A systematic review of the benefits of mindfulness-based interventions following transient ischemic attack and stroke
- Conflict of interest: None declared.
- Sources of support: None.
Correspondence: Maggie Lawrence, Institute of Applied Health Research, Glasgow Caledonian University, K413 Buchanan House, Glasgow G4 0BA, UK.
Recent epidemiological studies have demonstrated an association between perceived psychological stress and ischemic stroke. A feature of stroke is recurrence; 30–40% within five-years following first transient ischemic attack/stroke. Equipping patients with skills and coping strategies to help reduce or manage perceived psychological stress may represent an important secondary prevention intervention. Mindfulness-based interventions are structured, group-based self-management programmes with potential to help people with long-term conditions cope better with physical, psychological, or emotional distress. Review evidence suggests significant benefits across a range of physical and mental health problems. However, we could find no evidence synthesis relating specifically to the benefits of mindfulness-based interventions following transient ischemic attack/stroke.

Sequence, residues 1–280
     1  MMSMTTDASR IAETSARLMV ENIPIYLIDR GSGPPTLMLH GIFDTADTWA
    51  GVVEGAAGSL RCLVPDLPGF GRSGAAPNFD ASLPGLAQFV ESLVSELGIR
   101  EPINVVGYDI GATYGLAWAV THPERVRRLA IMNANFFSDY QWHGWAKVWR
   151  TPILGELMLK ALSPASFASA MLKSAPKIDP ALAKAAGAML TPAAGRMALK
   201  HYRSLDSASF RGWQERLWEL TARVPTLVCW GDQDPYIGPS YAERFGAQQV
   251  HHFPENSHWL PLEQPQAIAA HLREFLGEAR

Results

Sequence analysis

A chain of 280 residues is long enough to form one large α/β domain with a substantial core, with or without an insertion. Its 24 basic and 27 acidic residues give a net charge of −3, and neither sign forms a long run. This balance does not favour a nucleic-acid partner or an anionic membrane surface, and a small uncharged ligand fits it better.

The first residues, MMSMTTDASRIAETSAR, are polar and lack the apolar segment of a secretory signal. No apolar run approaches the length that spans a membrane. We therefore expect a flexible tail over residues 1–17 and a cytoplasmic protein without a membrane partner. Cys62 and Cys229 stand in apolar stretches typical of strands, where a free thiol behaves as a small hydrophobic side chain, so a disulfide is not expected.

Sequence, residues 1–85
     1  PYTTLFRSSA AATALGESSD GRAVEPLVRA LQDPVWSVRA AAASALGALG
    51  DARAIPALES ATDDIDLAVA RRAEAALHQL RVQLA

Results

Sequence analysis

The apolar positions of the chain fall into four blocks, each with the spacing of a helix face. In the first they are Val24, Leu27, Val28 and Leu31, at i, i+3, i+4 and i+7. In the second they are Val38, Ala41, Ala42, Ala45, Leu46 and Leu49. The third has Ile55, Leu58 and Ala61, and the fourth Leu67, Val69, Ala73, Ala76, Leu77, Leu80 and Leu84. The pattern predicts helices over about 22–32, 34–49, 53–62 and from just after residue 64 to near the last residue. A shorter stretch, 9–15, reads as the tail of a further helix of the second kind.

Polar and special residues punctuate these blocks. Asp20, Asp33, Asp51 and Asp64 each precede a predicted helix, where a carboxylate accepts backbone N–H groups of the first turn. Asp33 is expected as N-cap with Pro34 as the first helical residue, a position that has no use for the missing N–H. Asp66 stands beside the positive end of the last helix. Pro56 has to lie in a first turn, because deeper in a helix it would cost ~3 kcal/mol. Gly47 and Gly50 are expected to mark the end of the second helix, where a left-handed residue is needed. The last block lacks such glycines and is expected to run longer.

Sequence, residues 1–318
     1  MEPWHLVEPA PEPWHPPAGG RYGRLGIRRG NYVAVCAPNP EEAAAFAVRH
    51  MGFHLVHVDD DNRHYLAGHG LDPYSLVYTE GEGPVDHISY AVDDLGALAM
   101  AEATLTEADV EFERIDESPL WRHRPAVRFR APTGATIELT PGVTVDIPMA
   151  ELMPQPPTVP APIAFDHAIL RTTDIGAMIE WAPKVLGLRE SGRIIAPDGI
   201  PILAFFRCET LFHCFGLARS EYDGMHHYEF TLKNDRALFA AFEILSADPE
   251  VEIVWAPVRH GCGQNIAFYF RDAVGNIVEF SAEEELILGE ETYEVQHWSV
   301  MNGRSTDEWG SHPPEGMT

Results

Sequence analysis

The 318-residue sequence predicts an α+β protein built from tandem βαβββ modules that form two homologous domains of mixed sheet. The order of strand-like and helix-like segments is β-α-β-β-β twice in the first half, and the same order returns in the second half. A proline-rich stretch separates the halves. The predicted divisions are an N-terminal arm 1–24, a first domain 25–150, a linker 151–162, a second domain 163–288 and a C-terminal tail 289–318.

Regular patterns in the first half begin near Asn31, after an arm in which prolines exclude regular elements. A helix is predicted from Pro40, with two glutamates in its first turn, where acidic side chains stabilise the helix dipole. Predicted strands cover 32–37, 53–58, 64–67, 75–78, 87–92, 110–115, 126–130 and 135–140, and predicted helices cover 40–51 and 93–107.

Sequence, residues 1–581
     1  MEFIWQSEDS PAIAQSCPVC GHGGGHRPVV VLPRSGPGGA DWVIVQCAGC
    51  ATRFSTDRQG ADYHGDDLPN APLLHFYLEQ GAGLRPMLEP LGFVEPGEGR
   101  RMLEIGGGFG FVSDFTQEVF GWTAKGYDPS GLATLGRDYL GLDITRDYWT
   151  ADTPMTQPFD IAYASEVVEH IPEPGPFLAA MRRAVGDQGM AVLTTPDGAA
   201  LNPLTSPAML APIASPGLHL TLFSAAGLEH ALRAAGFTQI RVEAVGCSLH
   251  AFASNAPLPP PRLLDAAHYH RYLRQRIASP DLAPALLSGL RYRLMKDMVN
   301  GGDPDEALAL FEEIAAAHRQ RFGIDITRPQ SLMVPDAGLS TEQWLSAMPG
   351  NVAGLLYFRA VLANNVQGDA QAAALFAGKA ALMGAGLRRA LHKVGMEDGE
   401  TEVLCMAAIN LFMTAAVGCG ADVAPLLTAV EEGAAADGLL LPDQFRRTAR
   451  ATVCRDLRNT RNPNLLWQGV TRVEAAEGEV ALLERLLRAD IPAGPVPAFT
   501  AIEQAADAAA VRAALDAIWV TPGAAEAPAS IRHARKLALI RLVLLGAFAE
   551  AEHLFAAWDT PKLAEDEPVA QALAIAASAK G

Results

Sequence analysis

The review aims to evaluate the benefits of mindfulness-based interventions following transient ischemic attack/stroke.
Six major databases were searched using subject headings and key words. Papers were screened using review-specific criteria. Critical appraisal and data extraction were conducted independently by two reviewers. Statistical meta-analysis was not possible; therefore findings are presented in narrative form.
Four studies involving 160 participants were reviewed. Three papers reported mindfulness-based interventions delivered to groups; one paper reported a mindfulness-based intervention which was delivered one to one. The results demonstrate a positive trend in favor of the benefits of mindfulness-based interventions across a range of psychological, physiological, and psychosocial outcomes including anxiety, depression, mental fatigue, blood pressure, perceived health, and quality of life. No evidence of harm was found.
Following transient ischemic attack/stroke, people may derive a range of benefits from mindfulness-based interventions; however, further methodologically robust trials are required.